I last wrote about TPMS (Tire Pressure Monitoring Systems) in December 2012. At the time more and more vehicles were showing up with these systems. These systems became mandatory in the U.S. in 2008. To this date they are not mandatory in Canada but still may be standard or optional equipment on Canadian vehicles.
The systems have changed very little from original inception. There still are direct and indirect systems. Indirect systems use the anti-lock braking wheel speed sensor signals at each wheel to infer tire pressure based on rotational characteristics. Tires with less air pressure in them rotate faster than tires with more air pressure. A low tire has a smaller rotational circumference. When all your tires lose pressure at the same rate modern indirect tire pressure monitoring systems recognize that all the tires are low by the variation (pulse) in the signal from the wheel speed sensors. A math algorithm (magic) is the science behind this.
Modern direct systems (more common than indirect systems) use radio frequency transmitters placed on the tire valve stem inside each tire. They are battery operated and they report both temperature and pressure. Each sensor has a unique ID that is registered with the computer that is in charge of tire pressure monitoring. When your vehicle is stopped these sensors go into a sleep mode and when they are spinning they periodically report pressure, temperature, and battery condition.
The vehicles employing a tire pressure monitoring system will have a little orange light/symbol (cross section of a tire with and exclamation point in the middle) somewhere on your instrument cluster. If all is good this light comes on when you turn the ignition on as a bulb check and then it should go out. All is good. If the light comes on solid while driving the system has detected a low tire. Stop as soon as you safely can. A low tire can be a completely flat tire. Driving on a flat tire for any distance will ruin it. We all know how much tires cost. Some vehicles will even display the location and pressure of the low tire. On most vehicles do not trust the location reported. Check all the tires. Correct the situation. The required pressures are written on a sticker located on the driver’s door pillar.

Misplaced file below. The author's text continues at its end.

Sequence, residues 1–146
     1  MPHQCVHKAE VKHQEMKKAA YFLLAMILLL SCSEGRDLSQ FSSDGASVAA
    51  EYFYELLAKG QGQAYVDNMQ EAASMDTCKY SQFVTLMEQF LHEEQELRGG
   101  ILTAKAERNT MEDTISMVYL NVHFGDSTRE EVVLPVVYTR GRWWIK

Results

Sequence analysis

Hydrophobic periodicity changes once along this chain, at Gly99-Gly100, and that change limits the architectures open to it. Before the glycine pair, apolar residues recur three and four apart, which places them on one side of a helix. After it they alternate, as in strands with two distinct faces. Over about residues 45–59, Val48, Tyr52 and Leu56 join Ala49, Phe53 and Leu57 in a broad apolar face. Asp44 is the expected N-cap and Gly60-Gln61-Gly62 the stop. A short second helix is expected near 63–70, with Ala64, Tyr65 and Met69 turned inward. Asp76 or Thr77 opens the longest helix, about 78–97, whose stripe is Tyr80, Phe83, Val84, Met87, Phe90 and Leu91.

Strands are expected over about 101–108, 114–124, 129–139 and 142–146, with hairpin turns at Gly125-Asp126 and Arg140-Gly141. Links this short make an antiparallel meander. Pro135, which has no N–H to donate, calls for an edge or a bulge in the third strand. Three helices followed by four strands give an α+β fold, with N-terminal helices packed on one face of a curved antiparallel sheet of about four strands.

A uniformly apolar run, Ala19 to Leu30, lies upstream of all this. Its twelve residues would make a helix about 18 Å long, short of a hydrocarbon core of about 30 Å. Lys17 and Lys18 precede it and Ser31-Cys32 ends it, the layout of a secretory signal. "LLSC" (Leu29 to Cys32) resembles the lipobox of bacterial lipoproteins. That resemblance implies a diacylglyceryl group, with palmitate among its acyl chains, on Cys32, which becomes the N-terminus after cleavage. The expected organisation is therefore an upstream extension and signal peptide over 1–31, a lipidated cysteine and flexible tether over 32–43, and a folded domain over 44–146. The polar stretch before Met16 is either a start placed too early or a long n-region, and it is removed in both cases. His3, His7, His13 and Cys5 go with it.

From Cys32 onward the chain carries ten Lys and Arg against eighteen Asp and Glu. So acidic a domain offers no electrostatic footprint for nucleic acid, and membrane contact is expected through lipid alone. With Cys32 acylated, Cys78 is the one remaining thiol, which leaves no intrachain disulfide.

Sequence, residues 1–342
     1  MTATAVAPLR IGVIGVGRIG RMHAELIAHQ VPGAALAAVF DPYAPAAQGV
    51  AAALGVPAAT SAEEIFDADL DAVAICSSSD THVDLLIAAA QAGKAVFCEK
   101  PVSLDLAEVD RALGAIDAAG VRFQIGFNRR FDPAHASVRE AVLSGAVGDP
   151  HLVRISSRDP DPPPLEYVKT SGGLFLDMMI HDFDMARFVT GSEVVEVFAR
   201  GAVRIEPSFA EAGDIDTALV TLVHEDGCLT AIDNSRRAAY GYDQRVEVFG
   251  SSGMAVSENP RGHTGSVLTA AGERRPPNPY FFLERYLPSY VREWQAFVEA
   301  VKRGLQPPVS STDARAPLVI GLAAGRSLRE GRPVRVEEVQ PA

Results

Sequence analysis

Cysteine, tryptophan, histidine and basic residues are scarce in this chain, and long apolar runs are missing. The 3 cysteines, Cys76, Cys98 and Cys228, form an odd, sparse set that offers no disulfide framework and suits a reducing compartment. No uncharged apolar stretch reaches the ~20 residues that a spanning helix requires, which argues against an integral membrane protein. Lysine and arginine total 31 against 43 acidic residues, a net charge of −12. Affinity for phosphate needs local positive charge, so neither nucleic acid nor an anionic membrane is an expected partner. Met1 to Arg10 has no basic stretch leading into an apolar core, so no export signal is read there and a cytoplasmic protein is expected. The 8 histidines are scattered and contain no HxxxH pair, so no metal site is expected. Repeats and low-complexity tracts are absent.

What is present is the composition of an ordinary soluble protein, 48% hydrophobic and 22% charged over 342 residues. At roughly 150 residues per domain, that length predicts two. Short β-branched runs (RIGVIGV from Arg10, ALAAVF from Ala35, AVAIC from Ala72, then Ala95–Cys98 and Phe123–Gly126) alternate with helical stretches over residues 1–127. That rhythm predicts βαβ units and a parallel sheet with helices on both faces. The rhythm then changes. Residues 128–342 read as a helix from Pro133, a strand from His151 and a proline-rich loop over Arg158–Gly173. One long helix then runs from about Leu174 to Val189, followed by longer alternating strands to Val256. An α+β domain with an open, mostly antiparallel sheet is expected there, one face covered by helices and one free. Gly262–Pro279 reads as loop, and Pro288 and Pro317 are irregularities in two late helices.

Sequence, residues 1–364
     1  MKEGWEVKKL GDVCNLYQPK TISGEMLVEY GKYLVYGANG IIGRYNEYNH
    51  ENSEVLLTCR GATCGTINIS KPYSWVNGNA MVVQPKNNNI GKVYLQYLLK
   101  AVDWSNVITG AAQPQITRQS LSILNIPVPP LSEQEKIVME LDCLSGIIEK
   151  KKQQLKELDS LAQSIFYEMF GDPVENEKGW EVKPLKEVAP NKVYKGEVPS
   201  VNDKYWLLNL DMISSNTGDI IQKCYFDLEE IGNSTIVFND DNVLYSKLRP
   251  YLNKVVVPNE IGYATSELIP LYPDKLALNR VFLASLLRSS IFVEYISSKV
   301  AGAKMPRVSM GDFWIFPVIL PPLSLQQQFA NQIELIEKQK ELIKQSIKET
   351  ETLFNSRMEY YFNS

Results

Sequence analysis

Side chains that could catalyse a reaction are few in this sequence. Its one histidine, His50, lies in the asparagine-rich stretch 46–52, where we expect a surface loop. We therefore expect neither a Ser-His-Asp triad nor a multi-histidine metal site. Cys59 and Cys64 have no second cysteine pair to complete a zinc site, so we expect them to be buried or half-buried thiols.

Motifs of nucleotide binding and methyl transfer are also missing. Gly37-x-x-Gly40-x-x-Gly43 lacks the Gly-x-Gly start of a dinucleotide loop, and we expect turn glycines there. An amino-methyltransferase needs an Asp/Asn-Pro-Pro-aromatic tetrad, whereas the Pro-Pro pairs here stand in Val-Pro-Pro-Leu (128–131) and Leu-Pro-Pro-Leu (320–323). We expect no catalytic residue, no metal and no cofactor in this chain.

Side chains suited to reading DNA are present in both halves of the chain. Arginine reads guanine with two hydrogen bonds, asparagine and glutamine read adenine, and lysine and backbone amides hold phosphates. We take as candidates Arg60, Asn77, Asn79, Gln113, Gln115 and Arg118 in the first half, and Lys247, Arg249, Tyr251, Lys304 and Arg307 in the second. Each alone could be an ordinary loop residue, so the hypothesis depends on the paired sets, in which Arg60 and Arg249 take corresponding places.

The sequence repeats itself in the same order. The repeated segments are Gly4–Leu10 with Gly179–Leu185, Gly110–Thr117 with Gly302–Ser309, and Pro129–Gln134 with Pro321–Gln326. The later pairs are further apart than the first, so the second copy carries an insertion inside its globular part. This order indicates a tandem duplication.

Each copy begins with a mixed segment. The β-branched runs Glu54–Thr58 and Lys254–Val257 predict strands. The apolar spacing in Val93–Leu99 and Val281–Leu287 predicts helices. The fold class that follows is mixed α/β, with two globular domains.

Once the tire pressures are all correct your vehicle may have a button or procedure (see the owner’s manual) to initialize the system. This should turn out the light. If you don’t find a procedure just drive away and after a significant drive (can be as long as 20 minutes on some vehicles) the light should go out.
If the TPMS light/symbol begins to flash while driving and then stays on solid there is a problem with the actual system. Typically a sensor has stopped functioning. The inside of a tire is a harsh environment. The sensors are battery operated and those batteries do wear out. There also are wiring, antennas, and computers involved. A trip to your service technician can sort out the trouble for you. Generally special tools and equipment are required to solve TPMS problems.
The onset of winter has inspired this article as many Canadians do not keep their TPMS systems operational. Most of us have an extra set of rims with snow tires on them and many choose not to have tire pressure sensors in their winter wheels and tires. Buying four extra sensors for a vehicle is a significant expense. Each tire change also requires a relearn or rewrite of the sensor IDs into the memory of the TPMS computer system. On many vehicles special tools are required for this process.
As these systems proliferate many parts suppliers have got into the tire pressure sensor business. Some have developed sensors that are easily cloned to have the same IDs as your other sensors. When you switch between summer and winter tires your vehicle does not know any better. The cloning procedure requires special tools but it is a one time operation. The price of these sensors is competitive and therefore dropping.
Keeping a valuable safety system functioning is now a little easier and cheaper.
Trail’s Ron Nutini is a licensed automotive technician and graduate of mechanical engineering from UBC. E-mail: firstname.lastname@example.org